"He has good balance," Wildcats' wrestling coach Rob Jansen said. "He's got a good sense of his body. He moves well and is just an all-around athletic kid."

There's that word again — athletic.

If there was ever a way to describe Pew, it's as an athlete.

When he plays a sport, he doesn't go halfway. He's all-in.

So, why would lacrosse, a sport he never played until this spring, be any different?

Spring: Unfortunately, for Pew, the task of being a four-sport athlete is a bit easier than being a four-sport varsity letterman.

When he decided to pick up a lacrosse stick for the first time this year, making the varsity team was going to be a long shot. Dallastown possesses a team full of returners from last year and has just one senior starter.

So, he was relegated to the junior varsity team, where he was transformed from a short-pole into a long-pole defender after his first scrimmage.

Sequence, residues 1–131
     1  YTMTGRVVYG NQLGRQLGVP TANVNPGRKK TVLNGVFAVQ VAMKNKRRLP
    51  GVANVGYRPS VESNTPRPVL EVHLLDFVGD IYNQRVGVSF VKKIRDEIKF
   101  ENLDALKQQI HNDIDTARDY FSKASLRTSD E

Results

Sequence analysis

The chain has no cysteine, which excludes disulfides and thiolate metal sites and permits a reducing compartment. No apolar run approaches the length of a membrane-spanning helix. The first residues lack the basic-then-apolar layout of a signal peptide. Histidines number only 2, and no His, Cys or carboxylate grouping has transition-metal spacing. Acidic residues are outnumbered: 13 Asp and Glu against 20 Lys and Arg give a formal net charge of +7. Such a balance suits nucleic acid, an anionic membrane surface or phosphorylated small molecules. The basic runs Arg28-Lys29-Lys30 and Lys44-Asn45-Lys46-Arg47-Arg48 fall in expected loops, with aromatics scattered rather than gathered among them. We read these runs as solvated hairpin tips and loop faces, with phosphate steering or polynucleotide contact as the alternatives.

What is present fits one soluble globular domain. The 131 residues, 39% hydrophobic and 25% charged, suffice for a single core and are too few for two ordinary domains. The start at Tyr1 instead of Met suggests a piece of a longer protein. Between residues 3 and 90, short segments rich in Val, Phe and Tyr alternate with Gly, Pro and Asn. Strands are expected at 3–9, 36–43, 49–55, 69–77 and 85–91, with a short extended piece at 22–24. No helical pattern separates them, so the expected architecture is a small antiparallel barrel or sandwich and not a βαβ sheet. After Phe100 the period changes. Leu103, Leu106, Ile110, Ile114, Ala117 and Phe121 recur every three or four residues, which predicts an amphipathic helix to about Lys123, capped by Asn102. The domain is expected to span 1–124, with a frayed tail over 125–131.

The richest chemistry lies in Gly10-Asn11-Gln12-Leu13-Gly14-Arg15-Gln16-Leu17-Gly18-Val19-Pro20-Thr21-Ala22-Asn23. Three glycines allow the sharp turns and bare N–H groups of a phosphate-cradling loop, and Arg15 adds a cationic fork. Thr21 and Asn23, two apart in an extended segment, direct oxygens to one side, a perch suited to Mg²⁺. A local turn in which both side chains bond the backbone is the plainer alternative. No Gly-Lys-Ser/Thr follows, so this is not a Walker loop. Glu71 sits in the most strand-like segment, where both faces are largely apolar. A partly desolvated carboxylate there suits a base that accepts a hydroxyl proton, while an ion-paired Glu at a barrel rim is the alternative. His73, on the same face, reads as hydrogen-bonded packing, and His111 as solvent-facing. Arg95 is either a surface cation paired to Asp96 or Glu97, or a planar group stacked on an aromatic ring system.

"He's more aggressive and athletic," first-year Wildcats boys' lacrosse coach Joe Slessinger said. "I always like starting kids on defense so they can learn their way up, and if you understand defense, then you understand how to beat a defense."

Despite the switch coming immediately after he scored a goal up front, Pew doesn't mind it. In fact, he relishes the opportunity to hit kids and be physical, something that translates from wrestling. It's something he can't do much in soccer and never got the chance to do as a kicker in football.

This is the first time that Pew has played a spring sport at Dallastown. It ultimately came down to either tennis or lacrosse. He was going to play one and not give himself the chance to be, for a lack of a better term, lazy for a couple months.